Addendum, 6/14: The Heritage Policy Blog has additional facts and commentary on this issue here.


Deep Throat's Daughter

Deep Throat's daughter has an unusual personal history.


Sex Story or Property Rights Story? I Say the Latter

The Washington Post has a page one story Wednesday about the government of the District of Columbia seizing property where gay sex clubs have been located for some thirty years.

The city, says the Post, has "notified property owners that the city will make offers for their parcels, possibly by next month, and that it intends to force out those who don't move by year's end."

The reason for the land seizure is the city's desire to build a baseball stadium on the land owned by these establishments.

Essentially, the city is taking land owned by some private businesses for the benefit of the owners, as yet unknown, of baseball's Washington Nationals.

In a piece otherwise largely sympathetic to the owners and patrons of the clubs, the Washington Post never managed to use the phrase "property rights" even once. Yet, all things being equal, isn't it wrong for the government to take private property belonging to one private business and turn it over to the benefit of another?

Didn't the property rights issue deserve at least some mention?

Apparently Post editors didn't think so. They did, however, provide plenty of coverage of the sexual elements of the story.


Maryland Christian Preschool Opportunity -- A Rare Blog Endorsement

I usually leave the personal stuff out of this blog because, well, it is not a personal kind of blog. But I am making an exception tonight to tout the preschool two of my three children attended over the past year for these reasons: Because it is fantastic and because, for some odd reason, they don't have a waiting list right now for the 2005-2006 school year. (Last year at his time we were placed on a waiting list for the 2004-2005 program, and barely made it in.)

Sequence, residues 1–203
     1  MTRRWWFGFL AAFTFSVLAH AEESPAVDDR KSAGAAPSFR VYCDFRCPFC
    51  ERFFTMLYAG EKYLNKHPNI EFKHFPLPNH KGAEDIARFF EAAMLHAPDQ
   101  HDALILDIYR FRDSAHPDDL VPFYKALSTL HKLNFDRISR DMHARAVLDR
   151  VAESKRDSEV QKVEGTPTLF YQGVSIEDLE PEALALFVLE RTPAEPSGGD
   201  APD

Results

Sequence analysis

The program is the Kindergarten Readiness Program at the Annapolis Area Christian School. As the name implies, it is designed for children one year too young for kindergarten, and it specializes in getting them ready in every way. Also as the name implies, it is Christian, and it means it. Our pre-K kids memorized 24 verses each over the school year -- and were happy to do it, in part because they earned stickers.

Our kids loved the Annapolis Area Christian School and David and I could not be happier with everything about their Kingergarten Readiness program, including the friends they made and the dedication and friendless of the teachers and the other parents. So, when I heard they had unexpected openings left for the next school year, I wanted to put in a plug in this blog.

If you live anywhere near Annapolis, MD (we drove a half-hour each way and never regretted it), and are looking for a good school for a four-year-old, and you are seeking a solid (and fun) educational program with a Christian foundation, I urge you to give the Annapolis Area Christian School a look.